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How to Eat Well for Less Money Part 2: Don’t Let the Food Go Bad

Freezing Soup

My father used to refer to the fridge as the ‘rotter’, as in food went there to go bad. Being afraid of having your expensive food go bad in the fridge is one of the biggest barriers to buying healthy food. My last post on saving money dealt with strategies for saving money shopping. Here are my tips for making sure to get the most out of what you buy.

1. Plan ahead. It’s much more efficient to plan what you want to eat for the week, buying key ingredients to make an exciting new recipe or two. Don’t just go to the grocery store and buy everything that looks good! Try to overlap some key ingredients, especially fresh herbs. Also think about what your week looks like – there’s no use in planning elaborate dishes during a week when you have a lot of stuff on the go, so be sure to plan accordingly. Busy weeks sometimes call for no more than a big container of organic spinach (to use in smoothies) and a big batch of something healthy and delicious, such as a lentil salad or a quinoa bowl.

2. Buy veggies with more than one use to avoid ‘produce pressure’. Greens like spinach, collard greens and kale can be used in salads, thrown into smoothies, soups or egg dishes, or wilted down with a little garlic (a gigantic bunch will wilt down to a small portion). And crunchy vegetables like carrots, onions and celery work well in green and grain salads, soup bases and can be used to dip into hummus or guacamole (well, not the onions).

3. Get in the habit of freezing. Growing up an only child, my mother seemed to make one dish per week. As you can imagine, I am not a big fan of leftovers and will portion out soups, stews and chilis almost immediately after cooking them. I store them in the freezer in individual portions for easy lunches or dinners when I get home late. (If this appeals to you, check out my post on soup swaps). Also, you can peel bananas and avocados and store in the freezer for easy smoothie making. No leftovers shall be boring and no bananas or avocados shall be thrown out ever again!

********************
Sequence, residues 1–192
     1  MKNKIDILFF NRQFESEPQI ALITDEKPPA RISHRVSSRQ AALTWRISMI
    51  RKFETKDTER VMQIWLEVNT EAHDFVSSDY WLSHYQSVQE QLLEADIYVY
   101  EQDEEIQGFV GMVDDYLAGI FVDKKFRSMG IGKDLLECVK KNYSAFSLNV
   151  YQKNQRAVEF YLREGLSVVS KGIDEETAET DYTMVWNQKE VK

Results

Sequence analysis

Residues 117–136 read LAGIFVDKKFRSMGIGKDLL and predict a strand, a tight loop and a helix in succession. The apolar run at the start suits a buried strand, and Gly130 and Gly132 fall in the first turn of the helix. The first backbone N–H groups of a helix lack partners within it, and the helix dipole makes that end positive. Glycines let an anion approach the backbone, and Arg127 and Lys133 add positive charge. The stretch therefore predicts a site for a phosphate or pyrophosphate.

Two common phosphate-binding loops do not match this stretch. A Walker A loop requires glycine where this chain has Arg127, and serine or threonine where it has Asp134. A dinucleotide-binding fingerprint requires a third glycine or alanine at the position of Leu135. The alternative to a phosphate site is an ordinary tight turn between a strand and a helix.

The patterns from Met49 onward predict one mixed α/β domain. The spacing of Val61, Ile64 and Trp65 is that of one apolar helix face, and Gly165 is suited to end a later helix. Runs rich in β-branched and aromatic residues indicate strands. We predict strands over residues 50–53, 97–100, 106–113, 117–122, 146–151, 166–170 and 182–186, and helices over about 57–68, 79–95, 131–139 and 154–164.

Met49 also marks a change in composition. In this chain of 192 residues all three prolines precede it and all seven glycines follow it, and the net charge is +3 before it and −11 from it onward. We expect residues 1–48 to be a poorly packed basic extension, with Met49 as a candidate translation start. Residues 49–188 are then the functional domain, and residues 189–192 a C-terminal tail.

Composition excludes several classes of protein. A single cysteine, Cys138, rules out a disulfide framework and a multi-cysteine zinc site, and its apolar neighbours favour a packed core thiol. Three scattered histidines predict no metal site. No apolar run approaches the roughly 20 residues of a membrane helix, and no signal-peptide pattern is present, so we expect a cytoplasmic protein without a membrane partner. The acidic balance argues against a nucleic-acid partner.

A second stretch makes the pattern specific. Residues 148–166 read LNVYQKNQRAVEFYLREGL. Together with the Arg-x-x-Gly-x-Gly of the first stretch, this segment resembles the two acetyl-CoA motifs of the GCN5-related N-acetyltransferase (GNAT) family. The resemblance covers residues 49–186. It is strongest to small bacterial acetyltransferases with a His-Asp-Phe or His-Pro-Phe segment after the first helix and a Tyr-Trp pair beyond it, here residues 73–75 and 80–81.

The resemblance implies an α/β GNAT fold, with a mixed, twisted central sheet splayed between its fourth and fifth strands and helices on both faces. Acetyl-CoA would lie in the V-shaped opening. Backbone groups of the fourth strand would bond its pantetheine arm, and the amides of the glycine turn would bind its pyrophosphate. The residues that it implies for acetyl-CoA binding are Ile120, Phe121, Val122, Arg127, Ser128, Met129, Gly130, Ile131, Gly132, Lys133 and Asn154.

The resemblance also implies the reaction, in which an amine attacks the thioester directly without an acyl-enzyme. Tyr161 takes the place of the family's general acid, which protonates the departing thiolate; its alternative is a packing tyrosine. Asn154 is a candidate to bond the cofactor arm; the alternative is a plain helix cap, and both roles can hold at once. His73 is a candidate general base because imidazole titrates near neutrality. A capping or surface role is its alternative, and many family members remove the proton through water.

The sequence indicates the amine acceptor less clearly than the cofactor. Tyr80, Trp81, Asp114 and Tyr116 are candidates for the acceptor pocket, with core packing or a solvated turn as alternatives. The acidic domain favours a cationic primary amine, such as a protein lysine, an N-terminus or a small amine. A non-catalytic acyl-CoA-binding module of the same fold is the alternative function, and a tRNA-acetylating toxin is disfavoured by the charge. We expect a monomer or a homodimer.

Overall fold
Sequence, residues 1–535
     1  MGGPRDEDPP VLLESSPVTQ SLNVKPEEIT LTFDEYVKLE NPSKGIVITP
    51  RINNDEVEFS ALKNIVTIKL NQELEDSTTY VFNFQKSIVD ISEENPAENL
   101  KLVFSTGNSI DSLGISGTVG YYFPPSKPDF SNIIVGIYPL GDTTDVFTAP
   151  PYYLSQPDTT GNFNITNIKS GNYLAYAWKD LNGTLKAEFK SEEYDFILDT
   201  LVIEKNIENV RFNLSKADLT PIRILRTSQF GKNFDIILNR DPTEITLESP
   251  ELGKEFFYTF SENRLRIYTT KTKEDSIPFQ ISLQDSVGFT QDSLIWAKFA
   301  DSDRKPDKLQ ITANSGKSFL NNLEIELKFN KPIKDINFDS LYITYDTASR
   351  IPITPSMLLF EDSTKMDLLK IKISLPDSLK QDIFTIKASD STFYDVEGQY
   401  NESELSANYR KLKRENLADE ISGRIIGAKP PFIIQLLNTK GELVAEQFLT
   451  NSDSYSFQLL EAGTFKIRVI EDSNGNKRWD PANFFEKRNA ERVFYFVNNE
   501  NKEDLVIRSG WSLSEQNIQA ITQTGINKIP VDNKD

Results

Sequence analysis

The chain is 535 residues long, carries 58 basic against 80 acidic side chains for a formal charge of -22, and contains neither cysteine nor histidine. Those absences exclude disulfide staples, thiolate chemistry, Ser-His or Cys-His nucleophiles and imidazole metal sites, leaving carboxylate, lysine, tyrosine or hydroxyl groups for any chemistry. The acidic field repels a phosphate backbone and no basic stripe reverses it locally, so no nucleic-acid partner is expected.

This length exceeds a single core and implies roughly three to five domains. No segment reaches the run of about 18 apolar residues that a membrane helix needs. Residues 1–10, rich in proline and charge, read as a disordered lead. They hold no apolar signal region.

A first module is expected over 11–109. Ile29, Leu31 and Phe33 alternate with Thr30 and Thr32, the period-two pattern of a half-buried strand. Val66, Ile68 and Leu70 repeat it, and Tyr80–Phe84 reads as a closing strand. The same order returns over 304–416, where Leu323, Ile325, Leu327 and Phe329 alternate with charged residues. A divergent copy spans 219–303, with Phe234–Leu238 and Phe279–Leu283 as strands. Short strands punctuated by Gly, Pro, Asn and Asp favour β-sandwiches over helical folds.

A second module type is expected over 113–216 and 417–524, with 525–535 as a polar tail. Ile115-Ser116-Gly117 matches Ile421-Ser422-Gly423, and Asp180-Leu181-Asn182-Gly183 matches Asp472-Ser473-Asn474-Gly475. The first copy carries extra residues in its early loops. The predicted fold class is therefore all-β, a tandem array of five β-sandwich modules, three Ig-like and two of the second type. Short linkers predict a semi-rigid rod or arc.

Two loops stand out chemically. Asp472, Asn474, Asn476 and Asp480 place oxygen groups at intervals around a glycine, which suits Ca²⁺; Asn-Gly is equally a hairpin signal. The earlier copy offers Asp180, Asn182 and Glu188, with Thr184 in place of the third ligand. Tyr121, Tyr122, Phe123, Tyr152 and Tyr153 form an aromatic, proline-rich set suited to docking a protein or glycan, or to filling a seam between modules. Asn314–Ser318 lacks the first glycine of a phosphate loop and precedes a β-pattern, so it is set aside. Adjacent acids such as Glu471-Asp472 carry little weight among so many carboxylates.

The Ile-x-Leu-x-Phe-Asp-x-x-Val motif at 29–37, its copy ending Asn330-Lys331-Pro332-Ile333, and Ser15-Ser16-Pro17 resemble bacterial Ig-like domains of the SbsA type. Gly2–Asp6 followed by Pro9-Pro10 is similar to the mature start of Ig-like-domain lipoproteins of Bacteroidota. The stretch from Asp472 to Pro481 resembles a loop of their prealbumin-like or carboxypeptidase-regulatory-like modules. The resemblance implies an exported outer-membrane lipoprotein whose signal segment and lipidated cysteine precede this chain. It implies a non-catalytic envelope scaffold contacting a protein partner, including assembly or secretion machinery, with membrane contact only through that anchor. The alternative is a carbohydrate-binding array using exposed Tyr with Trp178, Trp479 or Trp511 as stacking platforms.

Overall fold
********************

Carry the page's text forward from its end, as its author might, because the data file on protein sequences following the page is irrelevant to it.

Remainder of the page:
4. Store your fresh herbs properly. Whenever I have every fresh herb in my fridge, it’s easy to make exciting things to eat and cooking feels more fun and creative. But it’s hard to use up all the fresh herbs you buy! By storing herbs properly, you’ll get maximum shelf life out of them. Store herbs like dill, parsley and mint in a glass of water with a plastic bag overtop; store fresh basil washed and wrapped in a damp towel; store rosemary, thyme and oregano in the handy little packages that they come in.

5. Sunday = prep day. This is the one habit that most healthy people have. They spend Sunday prepping healthy food for the week. This can be as simple as making an exciting salad dressing, prepping veggies for stir fries and to use in dips, and cooking a big pot of grains. Some people even like to make sure that they prep their food as soon as they bring it home, they don’t even let it go in the fridge before getting washed and chopped. That’s a surefire way to make sure that it’s easy to reach for the lovely food you’ve bought.

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